Level Up From Your Basic Accounting Career – Become A CPA

Level Up From Your Basic Accounting Career – Become A CPA

The Department of Labor and Statistics estimates that jobs in accounting and auditing are growing and will continue to do so in the coming years. If you’re already considering a career as an accountant, you might also think about pursuing licensure as a Certified Public Accountant.

As a CPA, you generally have access to greater freedom in career choice. Publicly traded companies must use a CPA (not an unlicensed accountant) for their auditing. The educational requirements for certified professionals can also prepare you for entrepreneurship and corporate management.

You can build your clientele solo, be employed by a company or start an accounting firm. Your client base can vary from nonprofit organizations to corporations to government agencies.

Being licensed as a CPA can also qualify you for a salary higher than that of a typical accountant. There is a certain inherent prestige as well because the licensing process requires substantially more education, study and experience.

If this appeals to you, read on for the steps you can take to get started and succeed as a CPA.

Education

A Certified Public Accountant certification carries requirements beyond a college education. You will need a degree and additional coursework before you are qualified to take the national exam.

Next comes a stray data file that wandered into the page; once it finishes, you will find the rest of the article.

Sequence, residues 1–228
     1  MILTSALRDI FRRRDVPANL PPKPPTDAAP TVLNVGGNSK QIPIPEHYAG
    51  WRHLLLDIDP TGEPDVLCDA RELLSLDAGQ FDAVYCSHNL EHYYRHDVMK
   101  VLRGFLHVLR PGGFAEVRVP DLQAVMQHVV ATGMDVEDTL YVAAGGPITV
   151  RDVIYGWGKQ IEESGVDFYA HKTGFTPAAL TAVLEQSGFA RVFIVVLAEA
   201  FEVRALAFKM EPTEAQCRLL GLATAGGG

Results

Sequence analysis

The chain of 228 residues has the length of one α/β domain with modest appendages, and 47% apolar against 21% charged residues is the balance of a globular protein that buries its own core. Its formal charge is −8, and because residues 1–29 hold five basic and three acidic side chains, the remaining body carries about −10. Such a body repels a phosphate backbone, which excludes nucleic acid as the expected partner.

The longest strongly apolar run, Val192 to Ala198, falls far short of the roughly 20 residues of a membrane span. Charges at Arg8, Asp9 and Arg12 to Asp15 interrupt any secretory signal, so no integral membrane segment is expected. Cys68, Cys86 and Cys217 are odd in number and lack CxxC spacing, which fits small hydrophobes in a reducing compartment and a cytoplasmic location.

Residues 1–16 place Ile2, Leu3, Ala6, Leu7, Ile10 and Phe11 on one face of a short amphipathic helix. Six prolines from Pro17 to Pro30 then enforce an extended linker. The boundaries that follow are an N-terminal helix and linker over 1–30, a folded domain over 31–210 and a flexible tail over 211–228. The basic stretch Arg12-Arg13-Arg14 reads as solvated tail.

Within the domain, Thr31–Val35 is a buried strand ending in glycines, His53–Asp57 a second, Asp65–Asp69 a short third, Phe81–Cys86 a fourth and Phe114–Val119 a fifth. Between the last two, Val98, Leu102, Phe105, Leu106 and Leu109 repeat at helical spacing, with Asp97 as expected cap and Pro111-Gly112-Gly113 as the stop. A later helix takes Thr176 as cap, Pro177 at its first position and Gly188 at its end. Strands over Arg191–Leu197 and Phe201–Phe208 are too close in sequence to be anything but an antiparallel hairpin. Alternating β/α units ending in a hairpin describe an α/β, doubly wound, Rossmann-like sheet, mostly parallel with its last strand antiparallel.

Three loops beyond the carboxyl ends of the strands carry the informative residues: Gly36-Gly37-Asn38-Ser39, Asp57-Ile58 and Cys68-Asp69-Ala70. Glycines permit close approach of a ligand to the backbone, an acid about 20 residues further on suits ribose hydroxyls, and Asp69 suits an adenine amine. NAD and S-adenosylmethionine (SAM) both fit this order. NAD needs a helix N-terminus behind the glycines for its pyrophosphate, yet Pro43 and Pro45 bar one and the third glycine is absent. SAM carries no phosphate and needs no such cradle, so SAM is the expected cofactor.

The majority of states require a Bachelor of Science degree in Accounting before you are eligible for licensing in those states. This requirement may seem exclusive, but it can be advantageous. It usually teaches specific skills such as auditing, cost management, tax and business law. The accounting curricula could better help your career by preparing you for management or work in financial analysis, and some can even place you in an internship.

In addition to a BA in accounting, you will need to complete additional college courses, generally at least 150 hours. You can do these courses as part of a 5-year accelerated accounting program, a master’s degree program or additional classes after graduation.

Licensing

When you have satisfied these obligations, you will have to take the 14-hour Uniform CPA Exam. This exam will test you in four areas:

  • Auditing & Attestation
  • Financial Accounting & Reporting
  • Regulation
  • Business Environment & Concepts

The American Institute of Certified Public Accountants will certify you as a CPA after you pass this test and allow licensing by your state. Qualifications vary but generally include accounting experience and continuing education to renew your license.

Build a Reputation With Recognition

After you finish college, become certified and licensed, you may forego employment by a firm or corporation to pursue self-employment or building your accounting firm. To be successful as possible, you will need clients to build a reputation and hopefully attract more business.

Organizations like the United CPA Association often function as a source for accounting firms deemed trustworthy and well-suited for a client’s needs. Still, you will first need to build history so that when future clients compare your firm to others, they might be more likely to choose you.

1. Advertising

Word-of-mouth advertising can often be the best way for a local firm to gain new clients. A referral campaign can help jump-start your business and keep your existing clients returning.